Penn State

Penn State (3)

A team of researchers and analysts from Penn State, Case Western Reserve University, the GE Global Research Center and Microsoft are working on a $1.5 million collaborative research project to develop a cloud-based wireless sensing and prognostic system for monitoring machinery health conditions.

The initiative will make it possible for the system to detect early signs of wear, aging and fault conditions in the machines.

The Digital Manufacturing and Design Innovation Institute (DMDII) is providing $750,000 in funding while the other four entities are matching that amount through a cost-sharing agreement.

Dazhong Wu, senior research associate in the Harold and Inge Marcus Department of Industrial and Manufacturing Engineering (IME) and Janis Terpenny, Peter and Angela Dal Pezzo Chair and Head of IME, are the lead researchers of the project.

They are joined by Robert Gao, Cady Staley Professor of Engineering and chair of the Department of Mechanical and Aerospace Engineering at Case Western Reserve University; Li Zhang, senior research scientist for industrial Internet of Things (IoT) at GE Global Research Center; and Mark Beckmann, senior manager at Microsoft.

“The emergence of cloud computing, machine learning, and the IoT technologies makes it possible for a machine to function as an agent that is capable of intelligent behaviors, such as automatic fault and failure detection, self-diagnosis and proactive maintenance scheduling,” said Wu.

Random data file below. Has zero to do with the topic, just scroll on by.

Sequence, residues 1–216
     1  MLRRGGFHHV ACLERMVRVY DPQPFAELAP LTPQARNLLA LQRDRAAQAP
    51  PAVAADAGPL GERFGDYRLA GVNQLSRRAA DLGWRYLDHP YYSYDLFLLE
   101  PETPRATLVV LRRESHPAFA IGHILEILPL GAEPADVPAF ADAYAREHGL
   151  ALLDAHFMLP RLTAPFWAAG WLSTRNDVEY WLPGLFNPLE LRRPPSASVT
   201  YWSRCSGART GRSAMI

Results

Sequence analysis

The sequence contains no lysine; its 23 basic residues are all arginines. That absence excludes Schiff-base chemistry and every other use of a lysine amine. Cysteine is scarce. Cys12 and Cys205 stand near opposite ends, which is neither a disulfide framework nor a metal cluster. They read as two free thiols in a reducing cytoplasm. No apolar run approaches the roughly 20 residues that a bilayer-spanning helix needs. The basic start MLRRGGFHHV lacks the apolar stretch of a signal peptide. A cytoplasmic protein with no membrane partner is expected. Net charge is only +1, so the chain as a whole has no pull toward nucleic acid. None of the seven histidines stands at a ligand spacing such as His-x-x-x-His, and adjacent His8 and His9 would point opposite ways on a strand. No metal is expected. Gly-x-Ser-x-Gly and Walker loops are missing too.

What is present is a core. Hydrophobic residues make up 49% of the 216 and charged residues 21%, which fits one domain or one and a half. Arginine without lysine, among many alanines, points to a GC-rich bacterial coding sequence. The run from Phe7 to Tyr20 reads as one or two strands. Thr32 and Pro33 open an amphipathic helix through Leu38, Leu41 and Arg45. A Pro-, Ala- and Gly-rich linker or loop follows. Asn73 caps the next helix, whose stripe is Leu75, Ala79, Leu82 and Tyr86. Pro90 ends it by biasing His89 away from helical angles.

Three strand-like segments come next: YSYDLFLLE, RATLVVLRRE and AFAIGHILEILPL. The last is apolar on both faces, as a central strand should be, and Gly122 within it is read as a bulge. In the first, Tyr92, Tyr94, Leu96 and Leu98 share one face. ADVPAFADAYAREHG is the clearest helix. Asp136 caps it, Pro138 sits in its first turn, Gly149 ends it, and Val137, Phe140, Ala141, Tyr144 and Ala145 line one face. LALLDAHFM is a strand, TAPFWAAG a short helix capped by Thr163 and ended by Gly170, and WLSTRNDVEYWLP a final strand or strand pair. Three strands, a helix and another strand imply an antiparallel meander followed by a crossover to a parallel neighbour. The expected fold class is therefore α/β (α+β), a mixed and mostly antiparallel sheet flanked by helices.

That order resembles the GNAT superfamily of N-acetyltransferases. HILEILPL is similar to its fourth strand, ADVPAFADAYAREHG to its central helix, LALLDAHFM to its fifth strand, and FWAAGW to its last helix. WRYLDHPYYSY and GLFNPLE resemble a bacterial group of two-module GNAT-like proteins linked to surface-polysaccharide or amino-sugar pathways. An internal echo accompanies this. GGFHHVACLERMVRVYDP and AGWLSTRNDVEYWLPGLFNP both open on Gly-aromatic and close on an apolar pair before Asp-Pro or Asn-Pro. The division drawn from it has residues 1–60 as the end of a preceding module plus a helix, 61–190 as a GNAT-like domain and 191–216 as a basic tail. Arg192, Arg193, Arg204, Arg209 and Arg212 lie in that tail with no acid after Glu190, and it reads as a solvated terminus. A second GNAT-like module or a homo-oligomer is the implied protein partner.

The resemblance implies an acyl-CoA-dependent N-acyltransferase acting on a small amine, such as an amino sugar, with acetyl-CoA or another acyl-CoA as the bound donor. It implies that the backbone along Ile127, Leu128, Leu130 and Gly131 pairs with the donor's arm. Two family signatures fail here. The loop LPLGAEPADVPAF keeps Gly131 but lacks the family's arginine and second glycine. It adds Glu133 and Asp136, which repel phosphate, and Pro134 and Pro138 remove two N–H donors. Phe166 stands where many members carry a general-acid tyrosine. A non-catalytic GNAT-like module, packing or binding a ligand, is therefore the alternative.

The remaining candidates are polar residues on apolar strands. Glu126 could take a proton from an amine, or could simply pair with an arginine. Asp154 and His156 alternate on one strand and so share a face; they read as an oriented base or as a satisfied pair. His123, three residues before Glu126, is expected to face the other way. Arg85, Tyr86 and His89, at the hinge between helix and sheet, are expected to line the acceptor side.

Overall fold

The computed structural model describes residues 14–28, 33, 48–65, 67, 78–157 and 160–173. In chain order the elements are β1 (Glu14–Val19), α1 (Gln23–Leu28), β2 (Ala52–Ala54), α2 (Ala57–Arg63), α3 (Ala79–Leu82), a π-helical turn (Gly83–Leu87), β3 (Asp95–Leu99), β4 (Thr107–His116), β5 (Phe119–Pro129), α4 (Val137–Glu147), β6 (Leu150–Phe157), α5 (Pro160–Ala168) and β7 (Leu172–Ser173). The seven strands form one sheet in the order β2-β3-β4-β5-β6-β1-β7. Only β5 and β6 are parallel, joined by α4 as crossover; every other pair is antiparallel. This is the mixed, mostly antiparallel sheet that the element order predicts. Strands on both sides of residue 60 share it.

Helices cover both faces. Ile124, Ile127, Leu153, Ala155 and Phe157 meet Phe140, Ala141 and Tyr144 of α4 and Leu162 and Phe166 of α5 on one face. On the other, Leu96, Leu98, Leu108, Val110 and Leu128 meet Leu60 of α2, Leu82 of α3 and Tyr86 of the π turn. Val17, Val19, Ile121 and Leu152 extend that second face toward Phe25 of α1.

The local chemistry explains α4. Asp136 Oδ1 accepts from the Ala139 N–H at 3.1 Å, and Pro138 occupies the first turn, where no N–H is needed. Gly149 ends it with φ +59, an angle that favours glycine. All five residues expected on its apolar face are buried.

The project, titled “Cloud-Enabled Machines with Data-Driven Intelligence,” is set to begin Feb. 1 and will be funded by DMDII for 18 months.

“I cannot overstate how delighted I am about this project,” said Terpenny. “This initiative brings together researchers and practitioners from manufacturing and software industries in collaboration with leading university researches.  We are quite fortunate, here at Penn State, to have the facilities and equipment that are essential to advancing smart manufacturing technologies and methods.”

Terpenny is specifically referring to the Factory for Advanced Manufacturing Education (FAME), which is housed within the IME department. FAME is a 10,000-square-foot integrated high-bay laboratory for teaching and research and is equipped with modern and legacy equipment.

“FAME provides the perfect environment for developments and experimentation for this project and the natural integration of research, teaching and impact with industry,” she added.

In order to demonstrate the cloud-based manufacturing systems with data-driven intelligence, both legacy machines and general-purpose computer numeric control machines will be used as test cases.

“The overall goal of this research is to establish a generic framework for real-time process monitoring, diagnosis and prognosis for smart manufacturing using cloud computing and big data analytics,” said Wu. “The outcome of this project has the potential to enable manufacturers to implement artificial intelligence into manufacturing machines.”

Students at Penn State Erie, The Behrend College, will have unprecedented access to world-class animation and modeling software thanks to a gift, valued at $21.7 million, from Autodesk, a leading global developer of 3D design, engineering and entertainment software.

This is the first time Autodesk has provided full access to its top products through a grant of software to a college or university. The gift -- the largest ever at Penn State Behrend -- will give students access to three key software packages: Education Master Suite, which includes advanced 3D CAD and engineering analysis tools; Simulation Moldflow, a fast, accurate and flexible design tool for plastic injection molding; and Entertainment Creation Suite, which was used to animate the last 17 films that won the Academy Award for Best Visual Effects.